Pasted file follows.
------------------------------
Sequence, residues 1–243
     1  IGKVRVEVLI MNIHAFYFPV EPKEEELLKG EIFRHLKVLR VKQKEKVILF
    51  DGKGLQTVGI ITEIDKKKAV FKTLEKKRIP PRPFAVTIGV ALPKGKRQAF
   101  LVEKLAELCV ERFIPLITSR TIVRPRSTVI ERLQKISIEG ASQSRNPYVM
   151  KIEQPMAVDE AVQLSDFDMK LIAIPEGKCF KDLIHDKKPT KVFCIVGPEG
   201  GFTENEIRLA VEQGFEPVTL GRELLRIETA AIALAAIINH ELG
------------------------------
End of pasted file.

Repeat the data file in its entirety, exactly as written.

Sequence, residues 1–243
     1  IGKVRVEVLI MNIHAFYFPV EPKEEELLKG EIFRHLKVLR VKQKEKVILF
    51  DGKGLQTVGI ITEIDKKKAV FKTLEKKRIP PRPFAVTIGV ALPKGKRQAF
   101  LVEKLAELCV ERFIPLITSR TIVRPRSTVI ERLQKISIEG ASQSRNPYVM
   151  KIEQPMAVDE AVQLSDFDMK LIAIPEGKCF KDLIHDKKPT KVFCIVGPEG
   201  GFTENEIRLA VEQGFEPVTL GRELLRIETA AIALAAIINH ELG